Again, in the late 2000s, Fashion Square went through another reconstruction and expansion to remove the former Robinson’s May department store (and by doing so finally eliminated the last of the original Goldwater’s building structure) for the Barney’s mall extension along with the expanded and relocated Harkins multiplex theaters. And barely a decade later, even this remodel was remodeled.

Los Arcos mall

The story of Los Arcos Mall takes a different track from Scottsdale Fashion Square, and has different results. Built in total as a two-anchor mall in 1969, Los Arcos came on the scene as a major modern mall with some of the most popular anchors at the time: Sears and Broadways.

Fashion Square then was still a partial mall, and with the two-anchor Thomas Mall about 4 miles to the west and the two-anchor Tri-City Mall 4 miles to the southeast, the East Valley had emerged as a hot spot of shopping. Other than the fairly small Tri-City Mall, the Southeast Valley communities of Tempe, Chandler and Mesa were underserved with major retail space, so Los Arcos quickly drew from the south and east, which were areas of rapid growth over the following decades.

Los Arcos Mall was an odd real estate feature in that it had four owners: Sears and Broadways both owned their own buildings and the parking that served them and the in-line and enclosed mall area had two owners. Amazingly, the minor mall owner was the managing partner.

Until the late 1970s, Los Arcos was very popular and drew customers from Tempe, Mesa, Chandler and to a degree even from the emerging neighborhoods in the Paradise Valley area. The intersection of Scottsdale Road and McDowell Road for many years was the busiest one in the entire state. As one of two routes from the East Valley to central Phoenix, McDowell Road functioned as a regional highway. In fact, the original zoning in the county for the Los Arcos Mall site was due to the projection that it would be next to the proposed Papago Freeway.

Events in 1978 and 1979 would bring drastic changes to Los Arcos from which it would not recover. In the spring of 1978, there was a major flood that washed out almost all the crossings of the normally dry Salt River through the Valley. And basically, at the same time as the flood, Fiesta Mall, with four department store anchors, opened in southwest Mesa. This double whammy effectively cut off the market capture of the Southeast Valley that Los Arcos had depended on. Sales dropped dramatically, and although they would recover to a degree over time, it’s ability to draw customers had been greatly diminished. Just a year later, Paradise Valley Mall opened and cut into the portion of customers Los Arcos had been able to draw from that direction.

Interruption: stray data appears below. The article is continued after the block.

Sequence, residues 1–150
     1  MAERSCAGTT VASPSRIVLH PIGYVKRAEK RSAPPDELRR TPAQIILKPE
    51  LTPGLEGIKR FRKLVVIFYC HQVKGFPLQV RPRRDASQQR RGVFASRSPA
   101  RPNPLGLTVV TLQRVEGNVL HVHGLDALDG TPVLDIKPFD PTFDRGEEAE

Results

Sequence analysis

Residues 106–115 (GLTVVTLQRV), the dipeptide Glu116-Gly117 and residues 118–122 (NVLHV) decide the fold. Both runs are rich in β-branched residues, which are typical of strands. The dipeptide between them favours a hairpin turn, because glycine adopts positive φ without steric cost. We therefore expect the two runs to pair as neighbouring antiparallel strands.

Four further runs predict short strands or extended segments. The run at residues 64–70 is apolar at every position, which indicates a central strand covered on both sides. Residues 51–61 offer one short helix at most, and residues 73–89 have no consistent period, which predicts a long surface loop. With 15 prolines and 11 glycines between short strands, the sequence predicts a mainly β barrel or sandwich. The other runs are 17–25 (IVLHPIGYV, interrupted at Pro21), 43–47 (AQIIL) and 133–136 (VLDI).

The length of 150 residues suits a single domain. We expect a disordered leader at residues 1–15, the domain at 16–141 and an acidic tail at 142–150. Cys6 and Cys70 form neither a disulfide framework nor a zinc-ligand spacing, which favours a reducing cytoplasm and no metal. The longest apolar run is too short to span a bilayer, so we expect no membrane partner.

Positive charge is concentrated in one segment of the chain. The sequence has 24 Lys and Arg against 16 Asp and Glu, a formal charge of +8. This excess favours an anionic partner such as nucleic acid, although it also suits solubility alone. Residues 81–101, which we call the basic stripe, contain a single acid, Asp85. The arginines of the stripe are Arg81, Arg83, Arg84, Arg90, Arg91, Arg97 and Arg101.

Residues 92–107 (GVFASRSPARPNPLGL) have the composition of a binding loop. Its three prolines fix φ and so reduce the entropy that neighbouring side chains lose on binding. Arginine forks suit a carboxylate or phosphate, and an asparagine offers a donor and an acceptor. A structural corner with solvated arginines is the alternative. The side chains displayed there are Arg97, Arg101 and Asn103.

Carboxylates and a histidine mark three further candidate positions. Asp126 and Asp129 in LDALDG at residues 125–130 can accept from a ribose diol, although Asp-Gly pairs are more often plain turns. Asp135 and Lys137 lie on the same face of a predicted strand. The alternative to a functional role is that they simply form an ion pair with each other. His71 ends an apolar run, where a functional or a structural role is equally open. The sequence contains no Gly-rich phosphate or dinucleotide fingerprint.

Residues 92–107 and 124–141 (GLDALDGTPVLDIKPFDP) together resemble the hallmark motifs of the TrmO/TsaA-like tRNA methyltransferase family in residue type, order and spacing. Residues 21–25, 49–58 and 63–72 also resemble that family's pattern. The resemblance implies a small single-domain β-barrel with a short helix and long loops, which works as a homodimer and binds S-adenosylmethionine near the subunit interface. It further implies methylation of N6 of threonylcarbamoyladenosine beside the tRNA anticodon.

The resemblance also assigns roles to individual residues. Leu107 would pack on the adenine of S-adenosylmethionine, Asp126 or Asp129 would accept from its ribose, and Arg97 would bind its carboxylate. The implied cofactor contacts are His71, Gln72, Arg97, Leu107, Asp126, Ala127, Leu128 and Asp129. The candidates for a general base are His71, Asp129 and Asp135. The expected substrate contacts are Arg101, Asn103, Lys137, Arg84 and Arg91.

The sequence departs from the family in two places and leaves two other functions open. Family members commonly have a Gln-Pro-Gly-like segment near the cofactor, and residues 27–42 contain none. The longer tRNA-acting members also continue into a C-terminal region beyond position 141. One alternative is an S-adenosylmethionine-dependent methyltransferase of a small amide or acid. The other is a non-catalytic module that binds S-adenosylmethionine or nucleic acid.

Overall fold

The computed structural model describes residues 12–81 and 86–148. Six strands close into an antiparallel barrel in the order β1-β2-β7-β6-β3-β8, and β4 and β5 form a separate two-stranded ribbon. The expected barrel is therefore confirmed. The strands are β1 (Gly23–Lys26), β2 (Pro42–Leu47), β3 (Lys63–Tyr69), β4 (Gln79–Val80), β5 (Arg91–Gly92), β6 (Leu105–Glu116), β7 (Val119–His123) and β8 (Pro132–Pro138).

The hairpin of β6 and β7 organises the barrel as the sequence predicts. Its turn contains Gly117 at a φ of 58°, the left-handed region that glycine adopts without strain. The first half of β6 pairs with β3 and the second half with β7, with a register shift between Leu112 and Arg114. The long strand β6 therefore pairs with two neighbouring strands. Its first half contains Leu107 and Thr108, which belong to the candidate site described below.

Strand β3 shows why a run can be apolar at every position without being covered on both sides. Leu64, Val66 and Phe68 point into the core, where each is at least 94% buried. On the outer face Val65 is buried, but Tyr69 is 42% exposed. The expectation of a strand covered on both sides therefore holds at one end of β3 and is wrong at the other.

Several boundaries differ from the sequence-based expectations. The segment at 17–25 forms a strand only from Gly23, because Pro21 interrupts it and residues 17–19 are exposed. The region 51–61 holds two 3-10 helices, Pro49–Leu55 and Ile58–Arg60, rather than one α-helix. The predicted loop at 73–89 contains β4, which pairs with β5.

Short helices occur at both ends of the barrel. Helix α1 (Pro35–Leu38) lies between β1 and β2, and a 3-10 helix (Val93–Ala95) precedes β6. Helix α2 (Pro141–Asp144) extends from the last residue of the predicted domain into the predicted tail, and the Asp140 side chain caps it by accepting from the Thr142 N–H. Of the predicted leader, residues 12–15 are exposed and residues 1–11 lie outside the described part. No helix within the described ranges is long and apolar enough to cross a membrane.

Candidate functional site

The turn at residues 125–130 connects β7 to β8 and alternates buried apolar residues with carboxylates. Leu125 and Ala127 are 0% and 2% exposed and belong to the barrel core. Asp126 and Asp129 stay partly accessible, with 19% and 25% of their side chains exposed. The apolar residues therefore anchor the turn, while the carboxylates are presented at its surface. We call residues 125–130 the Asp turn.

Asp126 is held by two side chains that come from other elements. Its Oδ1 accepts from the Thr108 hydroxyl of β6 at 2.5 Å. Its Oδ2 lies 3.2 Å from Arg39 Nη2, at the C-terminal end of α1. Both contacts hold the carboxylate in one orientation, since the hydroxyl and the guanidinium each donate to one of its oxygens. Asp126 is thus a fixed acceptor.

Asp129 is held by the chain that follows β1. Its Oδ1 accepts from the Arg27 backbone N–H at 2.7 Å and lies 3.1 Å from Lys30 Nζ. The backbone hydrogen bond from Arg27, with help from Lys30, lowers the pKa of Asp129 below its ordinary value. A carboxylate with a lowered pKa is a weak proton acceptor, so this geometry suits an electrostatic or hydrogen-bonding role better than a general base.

Through the 1980s, Los Arcos tried to sustain traffic and sales by recruiting lower cost outlets and seasonal stores. As sales sagged at Sears, the second floor was converted into a call center for their “Discover Card” division. The two-screen theater was closed. With limited frontage and not willing to build expensive parking structures, the mall had few options for expansion.

In addition, with such a complex ownership structure, it was difficult to get four property interests to agree to any major course of change or expansion. Pepinos’ Mexican food restaurant, Luby’s cafeteria, Red Robin restaurant and the Trails End party after the Parada Del Sol parade added glimmers of activity, but the mall and it’s major tenants struggled. A cosmetic remodeling in the early 1990s did little to draw shoppers and tenants and by the end of the decade, Los Arcos Mall finally closed for good.

A comparison

Some of the ‘take-aways’ from these stories are:

— Change is inevitable and almost all cases outside of one’s control or influence. In the cases of these malls, changing demographics, changing transportation corridors, new competition, changing market preferences, natural disasters and other events resulted in the need for adaptability.

The ability and willingness to recognize and adapt to change is critical in the success of an organization. When reviewing the actions taken on the three properties that now form Fashion Square, from 1959 to 2013 (54 years) there were 101 cases submitted to and approved by the county and city. This reveals an ongoing and persistent effort to keep these commercial properties relevant and successful. Often, as soon as a remodel is completed, the management at Fashion Square is already looking ahead and working on the next adaptation of the property in order to stay economically active.

Where separate and individual interests hold sway, such as at Los Arcos, the organization will not be able to respond to and stay relevant with change. Ultimately, this will lead to the failure of the organization. Any organization that cannot look forward, look around and look within itself is one that cannot make good decisions and remain healthy.

— The willingness to take action and then accept it when such action is not successful or becomes irrelevant is important. In the case of Fashion Square, there have been at least 12 department and junior department store anchors, innumerable restaurants, all range of stores from bookstores to toy stores to bicycle stores that were successful for a period but no longer, various services and offices, and many more attempts to find the ‘right’ mix. 

There have been pop-up stores, seasonal outlets, special events and other creative ways to attract customers. Some of these have worked well, others not so much. Two restaurant chains started at Fashion Square (Hops and PF Chang’s) but are no longer located there or even in business. This willingness to try and then adjust if it is not working as hoped, has been a long-term hallmark of this enterprise.  A failure does not cause the mall to complain and blame others, rather, they move on and continue to look forward. Los Arcos tried to adapt, but their approach tended to be reactive and not proactive and as such they were mostly behind the times